• Students will understand why self-sacrifice is an essential virtue in their own lives.
  • Students will demonstrate self-sacrifice when faced with the choice of pursuing their own goals or pursuing nobler goals.

Background

Pat Tillman was born in 1976 and raised in an affluent suburb of San Jose, California. He excelled on the football field, helping to lead his team to a league championship during his senior year of high school. In addition to being a star football player, he also had a reputation for sticking up for classmates who were being bullied. Tillman earned a scholarship to play for Arizona State University; despite his smaller size for a college football player, he worked hard to gain the attention of professional football teams. Tillman was drafted by the Arizona Cardinals in 1998.

On September 11, 2001, the terrorist group al Qaeda stunned the United States with a coordinated attack, crashing airplanes into the World Trade Center towers in New York City and into the Pentagon in Washington, D.C. Another element of their plan to hit Washington D.C. was thwarted when brave passengers sacrificed themselves by crashing their plane into a Pennsylvania field.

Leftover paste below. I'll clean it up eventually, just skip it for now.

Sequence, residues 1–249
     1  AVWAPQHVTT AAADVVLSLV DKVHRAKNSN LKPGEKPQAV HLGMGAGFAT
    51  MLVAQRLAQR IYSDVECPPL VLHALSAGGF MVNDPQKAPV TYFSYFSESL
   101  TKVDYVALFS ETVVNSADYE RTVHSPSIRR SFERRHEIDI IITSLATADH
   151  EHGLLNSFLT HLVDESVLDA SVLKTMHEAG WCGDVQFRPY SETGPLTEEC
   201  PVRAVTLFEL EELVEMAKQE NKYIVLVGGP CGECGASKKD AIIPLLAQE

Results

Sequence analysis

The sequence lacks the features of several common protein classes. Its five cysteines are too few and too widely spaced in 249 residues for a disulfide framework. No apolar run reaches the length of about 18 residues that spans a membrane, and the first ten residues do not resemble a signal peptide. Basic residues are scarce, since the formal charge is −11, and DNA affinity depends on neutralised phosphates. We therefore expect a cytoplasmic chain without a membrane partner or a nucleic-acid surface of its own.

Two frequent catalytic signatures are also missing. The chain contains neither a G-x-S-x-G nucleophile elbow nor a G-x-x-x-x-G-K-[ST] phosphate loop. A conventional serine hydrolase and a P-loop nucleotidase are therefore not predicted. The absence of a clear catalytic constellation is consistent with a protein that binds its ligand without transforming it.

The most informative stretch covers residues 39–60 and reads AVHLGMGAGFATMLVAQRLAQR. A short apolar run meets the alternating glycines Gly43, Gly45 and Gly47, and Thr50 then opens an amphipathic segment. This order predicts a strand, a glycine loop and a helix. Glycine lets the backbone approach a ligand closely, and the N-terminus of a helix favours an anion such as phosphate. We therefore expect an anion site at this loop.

Within weeks, President George W. Bush and Congress responded by attacking Afghanistan, which had sheltered al Qaeda training camps and leaders. In March 2003, Congress authorized the Bush administration to take the war on terror to Iraq because of the belief that the Middle Eastern nation possessed Weapons of Mass Destruction (WMDs) that might be sold to terrorists and threaten the lives of Americans.

Vocabulary

  • Affluent
  • Al Qaeda
  • Accolades
  • Afghanistan
  • Iraq
  • Vindicate
  • Incredulous
  • Gridiron
  • Tumultuous
  • Grandstanding
  • Baghdad
  • Humvee
  • Exemplar
  • Allure

Introduce Text

Have students read the background and narrative, keeping the Compelling Question in mind as they read. Then have them answer the remaining questions below.